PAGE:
Eighteen-year-old wish recipient Katie recently started an internship with Make-A-Wish Alaska and Washington. This story was written just days before she passed away from her long and brave battle with cancer. We are honored that Katie wanted to spend some of her last precious days with us, helping other children. Our hearts go out to her family and friends. This is our tribute to her. Here’s her story, told through her eyes.
My favorite quote comes from Shakespeare: “Though she be but little, she is fierce.” I think it suits me and my life.
Three years ago, I was diagnosed with osteosarcoma, a kind of bone cancer. Less than a week after my 15th birthday, I found out. Almost immediately, I flew with my family to Seattle for treatment where I would stay for the next 14 months as I underwent operations and chemotherapy.
Around my Sweet 16, I found out the cancer had returned. Since that time, I’ve undergone five lung surgeries and four major leg surgeries.
Despite the cancer, I know I always need to be positive. It’s important to me.
It has been a rough few years, but my friends and family have been really great, and having a good support system goes a long way. Also, my time in Seattle made me a huge Seahawks fan. Russell Wilson visited the hospital, and the Sea Gals and Blue Thunder drumline came to the Ronald McDonald House, where we lived when not at the hospital.
About a year into treatment, I was told I would receive a wish from Make-A-Wish Alaska and Washington. I remember thinking about that wish while in the hospital, and looking forward to better times.
My wish was to go to Florida to visit all the theme parks, especially the Wizarding World of Harry Potter. I went on the vacation of my dreams with my parents and one of my best friends, Sydney. We didn’t plan a thing. We just packed our bags and got on the plane and Make-A-Wish took care of everything else. We were VIPs even before we got off the ground. Alaska Airlines gave me a tour of the cockpit and we received lots of special treatment—fast track passes into the parks, free movies and snacks on the airplane. Hogwarts did not disappoint!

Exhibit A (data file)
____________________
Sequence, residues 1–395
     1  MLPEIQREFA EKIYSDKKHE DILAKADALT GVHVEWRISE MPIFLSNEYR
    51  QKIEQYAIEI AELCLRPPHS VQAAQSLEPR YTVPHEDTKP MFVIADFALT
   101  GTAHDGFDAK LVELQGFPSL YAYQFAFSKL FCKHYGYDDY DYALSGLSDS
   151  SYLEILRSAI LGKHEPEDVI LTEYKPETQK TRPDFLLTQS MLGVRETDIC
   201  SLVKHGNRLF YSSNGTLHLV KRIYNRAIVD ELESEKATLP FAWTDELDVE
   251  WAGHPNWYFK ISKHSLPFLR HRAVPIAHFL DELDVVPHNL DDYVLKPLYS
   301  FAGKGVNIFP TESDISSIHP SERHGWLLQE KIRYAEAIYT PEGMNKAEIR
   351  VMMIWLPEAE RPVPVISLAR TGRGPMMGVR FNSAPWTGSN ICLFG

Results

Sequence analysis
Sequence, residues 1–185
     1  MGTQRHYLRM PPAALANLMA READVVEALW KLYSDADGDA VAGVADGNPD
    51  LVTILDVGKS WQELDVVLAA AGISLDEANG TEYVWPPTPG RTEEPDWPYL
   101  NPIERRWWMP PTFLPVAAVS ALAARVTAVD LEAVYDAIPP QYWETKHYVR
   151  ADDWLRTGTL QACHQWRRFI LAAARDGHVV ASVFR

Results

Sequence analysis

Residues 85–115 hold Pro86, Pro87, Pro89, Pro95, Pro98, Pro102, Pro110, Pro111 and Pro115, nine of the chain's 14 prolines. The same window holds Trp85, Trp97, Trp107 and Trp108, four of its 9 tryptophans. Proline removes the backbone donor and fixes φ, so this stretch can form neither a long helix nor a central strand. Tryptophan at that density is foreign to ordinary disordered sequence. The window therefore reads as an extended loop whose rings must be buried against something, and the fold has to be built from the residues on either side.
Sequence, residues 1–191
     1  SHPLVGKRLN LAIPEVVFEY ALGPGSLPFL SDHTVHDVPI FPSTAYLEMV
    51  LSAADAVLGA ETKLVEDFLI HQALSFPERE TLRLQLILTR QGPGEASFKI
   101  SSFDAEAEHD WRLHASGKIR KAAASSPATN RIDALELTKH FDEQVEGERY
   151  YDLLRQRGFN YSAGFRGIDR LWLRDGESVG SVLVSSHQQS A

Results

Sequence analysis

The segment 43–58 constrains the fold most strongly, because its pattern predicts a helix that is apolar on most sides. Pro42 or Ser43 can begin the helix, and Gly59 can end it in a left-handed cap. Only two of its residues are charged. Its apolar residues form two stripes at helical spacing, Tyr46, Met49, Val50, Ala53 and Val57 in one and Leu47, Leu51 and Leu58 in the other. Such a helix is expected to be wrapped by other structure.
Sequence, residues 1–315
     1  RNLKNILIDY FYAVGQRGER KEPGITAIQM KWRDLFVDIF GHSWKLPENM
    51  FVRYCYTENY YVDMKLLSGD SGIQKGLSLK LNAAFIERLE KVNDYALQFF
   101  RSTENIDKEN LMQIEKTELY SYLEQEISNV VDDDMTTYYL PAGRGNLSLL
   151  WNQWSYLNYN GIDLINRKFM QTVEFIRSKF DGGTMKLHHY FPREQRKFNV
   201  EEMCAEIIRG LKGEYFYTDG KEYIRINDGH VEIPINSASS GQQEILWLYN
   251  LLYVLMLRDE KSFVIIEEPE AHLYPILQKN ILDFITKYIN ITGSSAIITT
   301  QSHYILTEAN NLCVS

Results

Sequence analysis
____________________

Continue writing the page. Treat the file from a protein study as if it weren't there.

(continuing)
My wish may have only been a week, but it left me with a lasting desire to do more for others.
Last fall, my condition got to the point where I wasn’t able to go to school anymore, but I still wanted to use my time productively and help out as much as I could. That’s why I decided to become an intern at Make-A-Wish.
I received something cool from Make-A-Wish. Now I can help pay that forward to other kids.
What do I love most about wishes? I love how flexible they are. Kids can be creative and pick what they want. Having been on the receiving side of a wish, it’s cool now to see what happens with all the planning. I love putting wishes together—reserving rental cars, booking plane tickets, and writing itineraries. I get to decorate each wish packet special for the wish kid.
Treatment really isn’t fun, and it feels great to know that I’m helping out in a place that maybe can’t make treatment better, but gives kids something to look forward to once they get to the end of treatment.
I love helping make a kid’s dream come true!